After Jan. 1, 2013, if you are found guilty of DWI, you will have to do the IDCMP program (impaired driver care management program). If you have not done the IDIP within the last 5 years, you still have to that. However, you additionally have to do an intake within 14 days of the date of conviction (this program will cost you around $100). At the program, they determine if you are at "high risk" to reoffend. If you are, expect to have to do significant counseling before you get your license back. If you enroll in that program within 14 days and do the substance use disorder evaluation within 30 days, then the state can reduce the 9 months loss of license to 90 days. It is a lot more work to now get your license back sooner (it also costs a lot more to do these programs).

The providers are not sure what the IDCMP consists of yet. However, I am guessing it isn't going to be cheaper or easier than the old programs.

3: Increased penalties for Aggravated DWI and 2nd Offense DWI

Before 2013, if you were found guilty of Aggravated DWI or 2nd offense DWI, there was a minimum 3 days in jail and a 7 day alcohol program. That program has been eliminated, and the 3 days in jail is now not less than 17 consecutive days in jail with 12 days are suspended pending completion of the IDCMP.

4 Arraignment must be within 14 days of arrest

Now, arraignments must be within 14 days of the date of the violation. You may think this is a good idea, but it will not help many people. Too many people go to arraignments without first hiring a DWI lawyer. I often get calls with people who plead guilty based upon a statement by the prosecutor that they will get the minimum license suspension. However, the person often doesn't know about all the collateral consequences. Then, the person calls me after pleading guilty trying to get it taken back. This is incredibly difficult to do, and I often will tell the person I am sorry they plead guilty, but there is not anything I can do for them anymore.  I believe the legislature set-up the statute to get more dwi convictions. Many innocent people will plead guilty to cases that can be won.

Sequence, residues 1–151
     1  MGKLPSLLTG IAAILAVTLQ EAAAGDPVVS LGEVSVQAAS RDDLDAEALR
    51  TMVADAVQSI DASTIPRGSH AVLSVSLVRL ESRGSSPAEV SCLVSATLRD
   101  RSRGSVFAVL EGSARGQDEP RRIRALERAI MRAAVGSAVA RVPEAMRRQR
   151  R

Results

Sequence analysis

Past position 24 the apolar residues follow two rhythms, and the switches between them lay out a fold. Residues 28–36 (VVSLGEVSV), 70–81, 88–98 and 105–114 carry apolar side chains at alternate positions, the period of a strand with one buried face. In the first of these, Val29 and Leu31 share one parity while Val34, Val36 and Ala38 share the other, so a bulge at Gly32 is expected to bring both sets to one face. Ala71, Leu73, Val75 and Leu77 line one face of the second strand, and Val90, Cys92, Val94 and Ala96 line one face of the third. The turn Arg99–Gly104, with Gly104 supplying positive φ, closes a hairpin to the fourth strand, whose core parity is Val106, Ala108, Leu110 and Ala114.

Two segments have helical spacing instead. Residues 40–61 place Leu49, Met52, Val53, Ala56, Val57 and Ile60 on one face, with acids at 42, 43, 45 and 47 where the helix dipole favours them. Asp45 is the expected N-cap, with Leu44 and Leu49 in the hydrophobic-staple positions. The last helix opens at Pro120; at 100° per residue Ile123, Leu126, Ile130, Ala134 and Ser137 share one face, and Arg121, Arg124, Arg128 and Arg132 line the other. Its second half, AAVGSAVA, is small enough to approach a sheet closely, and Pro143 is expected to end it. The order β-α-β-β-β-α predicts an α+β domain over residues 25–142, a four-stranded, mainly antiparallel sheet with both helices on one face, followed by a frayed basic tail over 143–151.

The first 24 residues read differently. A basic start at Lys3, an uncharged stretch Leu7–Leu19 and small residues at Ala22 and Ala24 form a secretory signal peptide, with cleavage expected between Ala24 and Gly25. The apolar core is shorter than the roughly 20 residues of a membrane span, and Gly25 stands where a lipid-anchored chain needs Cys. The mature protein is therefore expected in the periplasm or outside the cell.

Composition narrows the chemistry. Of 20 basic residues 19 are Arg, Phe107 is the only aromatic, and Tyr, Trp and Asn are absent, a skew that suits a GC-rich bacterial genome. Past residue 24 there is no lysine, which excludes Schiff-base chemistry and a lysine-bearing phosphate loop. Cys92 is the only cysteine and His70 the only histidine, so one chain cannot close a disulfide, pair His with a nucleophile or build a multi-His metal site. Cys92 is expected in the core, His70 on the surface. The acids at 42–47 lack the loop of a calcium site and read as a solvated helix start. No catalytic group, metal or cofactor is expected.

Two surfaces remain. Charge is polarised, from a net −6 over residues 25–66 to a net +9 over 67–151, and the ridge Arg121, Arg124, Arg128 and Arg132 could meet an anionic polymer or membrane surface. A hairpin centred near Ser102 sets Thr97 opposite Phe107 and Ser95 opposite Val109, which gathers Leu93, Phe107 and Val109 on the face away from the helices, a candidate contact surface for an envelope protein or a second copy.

5. The DMV can now require an interlock for any DWI

Previously, interlocks were mandatory on aggravated DWI and subsequent offense DWI. The Judge could order them in any DWI. Now, thanks to the lobbyists of the interlock device, the dmv can now require it on any DWI.

"265-A:36-a Department of Safety Authority to Order Ignition Interlock Device Installation or Enhanced Technology Ignition Interlock Device. –
    The commissioner of safety may require an administrative hearing prior to the restoration of the license or driving privilege of a person whose license or driving privilege was revoked or suspended as the result of a conviction of any offense under RSA 265-A:2, RSA 265-A:3, RSA 265:79-a where alcohol was involved, RSA 262:19, or RSA 630:3, II, and, upon a finding that the safety of the person and of other users of the highways would be enhanced thereby, may order the person, as a condition of restoration of his or her license or driving privilege, to install an ignition interlock device or enhanced technology ignition interlock device in any vehicle registered to that person or used by that person, for not less than 12 months nor more than 2 years, subject to the same conditions and prohibitions as if the interlock was ordered by a court under the provisions of this subdivision."

Nope, there are no guidelines, full discretion to the DMV.

Rate this blog entry:
0

Comments

  • No comments made yet. Be the first to submit a comment

Leave your comment

Guest Saturday, 24 October 2020